I may have referenced here (or perhaps I haven’t, I rarely post) that I am currently embroiled in a sales training marathon called BOLD. Business Objectives, a Life by Design (not default).
I believe they had to add that parenthetical aside when they realized that design or default would work there. It sends the wrong message using default since that’s just the sort of thing most people think about the well off, that they lucked into it, or they defaulted into it.
That’s not really relevant to the point of this post any how. I don’t like sales. I have opined numerous times that sales was a dirty word. Despite my open mind on the process, BOLD hasn’t really changed my opinion on the matter. I’ve always found the idea that “everyone is in sales… don’t you have to convince others your opinion is the one that should be adopted?” fairly attractive. There’s a nugget of truth in that, but to make the leap from that sentiment to the affirmation “I’m a great salesman” is one hell of a leap.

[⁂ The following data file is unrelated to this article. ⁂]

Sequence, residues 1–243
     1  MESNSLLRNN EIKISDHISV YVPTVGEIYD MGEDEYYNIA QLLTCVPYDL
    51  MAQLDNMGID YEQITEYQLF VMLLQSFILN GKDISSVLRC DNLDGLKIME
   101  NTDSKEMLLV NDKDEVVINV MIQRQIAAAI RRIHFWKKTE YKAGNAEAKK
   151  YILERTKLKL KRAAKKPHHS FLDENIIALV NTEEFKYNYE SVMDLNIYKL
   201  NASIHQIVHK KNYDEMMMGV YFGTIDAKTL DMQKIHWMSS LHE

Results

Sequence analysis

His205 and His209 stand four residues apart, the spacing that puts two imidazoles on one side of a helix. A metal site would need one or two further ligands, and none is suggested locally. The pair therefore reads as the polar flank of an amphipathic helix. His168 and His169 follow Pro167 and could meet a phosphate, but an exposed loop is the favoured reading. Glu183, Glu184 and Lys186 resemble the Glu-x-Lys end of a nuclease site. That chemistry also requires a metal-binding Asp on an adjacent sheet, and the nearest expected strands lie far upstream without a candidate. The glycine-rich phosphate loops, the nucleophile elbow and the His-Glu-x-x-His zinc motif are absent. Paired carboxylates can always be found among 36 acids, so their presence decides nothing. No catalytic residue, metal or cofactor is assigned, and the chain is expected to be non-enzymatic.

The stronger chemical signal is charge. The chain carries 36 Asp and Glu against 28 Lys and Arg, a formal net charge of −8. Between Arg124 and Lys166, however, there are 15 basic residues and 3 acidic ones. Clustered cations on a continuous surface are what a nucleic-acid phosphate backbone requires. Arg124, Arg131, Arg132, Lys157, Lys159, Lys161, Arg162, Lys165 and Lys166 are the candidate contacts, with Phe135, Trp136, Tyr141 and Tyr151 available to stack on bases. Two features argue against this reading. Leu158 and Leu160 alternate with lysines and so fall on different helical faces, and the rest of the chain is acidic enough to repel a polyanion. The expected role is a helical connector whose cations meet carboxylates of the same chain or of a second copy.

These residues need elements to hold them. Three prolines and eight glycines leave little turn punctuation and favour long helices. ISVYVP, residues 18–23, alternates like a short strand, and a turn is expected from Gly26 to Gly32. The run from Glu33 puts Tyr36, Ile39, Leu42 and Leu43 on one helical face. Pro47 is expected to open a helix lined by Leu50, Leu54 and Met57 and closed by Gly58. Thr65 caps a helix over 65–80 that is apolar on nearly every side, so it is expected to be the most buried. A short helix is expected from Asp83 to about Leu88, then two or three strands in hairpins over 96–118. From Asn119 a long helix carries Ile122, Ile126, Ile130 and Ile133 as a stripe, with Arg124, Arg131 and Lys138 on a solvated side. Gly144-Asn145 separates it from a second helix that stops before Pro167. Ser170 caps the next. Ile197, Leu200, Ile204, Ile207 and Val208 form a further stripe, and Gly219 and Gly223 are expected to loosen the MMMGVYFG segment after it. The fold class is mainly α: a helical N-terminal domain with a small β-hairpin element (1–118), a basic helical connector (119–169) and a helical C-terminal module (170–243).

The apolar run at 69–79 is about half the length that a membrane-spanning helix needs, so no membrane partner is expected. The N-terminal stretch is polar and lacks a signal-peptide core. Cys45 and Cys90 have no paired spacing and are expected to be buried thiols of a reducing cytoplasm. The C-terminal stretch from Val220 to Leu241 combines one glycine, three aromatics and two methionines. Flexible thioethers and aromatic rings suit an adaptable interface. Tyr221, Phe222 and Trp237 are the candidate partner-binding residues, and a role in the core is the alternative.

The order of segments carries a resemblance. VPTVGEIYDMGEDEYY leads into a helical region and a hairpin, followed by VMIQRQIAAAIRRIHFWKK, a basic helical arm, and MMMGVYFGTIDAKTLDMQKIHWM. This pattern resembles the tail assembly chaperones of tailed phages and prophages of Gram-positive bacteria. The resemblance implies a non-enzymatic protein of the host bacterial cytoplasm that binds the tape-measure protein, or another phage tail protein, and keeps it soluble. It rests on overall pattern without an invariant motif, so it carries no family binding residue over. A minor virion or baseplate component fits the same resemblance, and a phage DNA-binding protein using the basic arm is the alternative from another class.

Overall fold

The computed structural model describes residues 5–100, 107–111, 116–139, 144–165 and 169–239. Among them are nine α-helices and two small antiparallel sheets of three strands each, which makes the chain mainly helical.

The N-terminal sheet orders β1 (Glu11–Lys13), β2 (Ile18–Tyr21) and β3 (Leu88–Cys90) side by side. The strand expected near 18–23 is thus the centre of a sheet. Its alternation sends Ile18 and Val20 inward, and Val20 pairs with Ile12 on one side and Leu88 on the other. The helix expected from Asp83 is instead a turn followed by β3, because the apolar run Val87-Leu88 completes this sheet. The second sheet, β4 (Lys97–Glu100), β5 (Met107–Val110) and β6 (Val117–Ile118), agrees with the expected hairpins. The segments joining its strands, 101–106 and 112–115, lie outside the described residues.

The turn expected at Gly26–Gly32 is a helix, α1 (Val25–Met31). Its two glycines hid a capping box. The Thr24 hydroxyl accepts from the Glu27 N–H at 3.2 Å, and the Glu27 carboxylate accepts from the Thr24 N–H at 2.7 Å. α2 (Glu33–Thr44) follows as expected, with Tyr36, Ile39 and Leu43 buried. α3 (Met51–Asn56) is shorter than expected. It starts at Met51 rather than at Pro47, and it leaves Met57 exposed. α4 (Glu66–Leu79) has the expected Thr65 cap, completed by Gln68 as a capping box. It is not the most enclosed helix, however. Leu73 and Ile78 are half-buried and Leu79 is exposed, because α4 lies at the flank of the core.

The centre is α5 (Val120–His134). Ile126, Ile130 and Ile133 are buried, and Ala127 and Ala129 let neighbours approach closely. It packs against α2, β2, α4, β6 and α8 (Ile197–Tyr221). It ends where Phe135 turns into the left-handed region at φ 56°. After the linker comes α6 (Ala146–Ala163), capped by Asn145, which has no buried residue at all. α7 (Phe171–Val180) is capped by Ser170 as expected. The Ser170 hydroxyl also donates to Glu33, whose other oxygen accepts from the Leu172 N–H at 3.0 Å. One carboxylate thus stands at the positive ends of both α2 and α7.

One of the exercises we’ve had to do daily as homework is write down our goals. 1 - 10, or whatever feels appropriate, in a journal and chronicle the changes. i.e. I want to sell 10 houses this year morphs into I want to sell 15 houses in the course of a day or two. Our eyes get wider and our appetites for what is possible grows larger.
What I’ve found is that my goals have become, upon a day to day review, less focused on business and more on doing something else. I’m far less concerned with making a great deal of money as money in a vacuum has no real purpose. So, my goals have started to reflect a desire to finish my law degree. To do non-profit or more likely, public policy work. To rekindle my studious self and to eschew this “sales” persona I’ve been cultivating this year.
The idea that I would be a good salesman, or more specifically, real estate salesman on the most basic and retail level, was an interesting experiment, but the idea that it can continue another year feels caustic.
At this time next year I’m resolved less to selling 20 homes (because, frankly, who cares) than I am to gearing up to start an MPP program.
If nothing else, I would whole heartily recommend this sales condition program, as it delivered on it’s promise. It promised a breakthrough, I just don’t think this is necessarily the breakthrough it was designed to provide.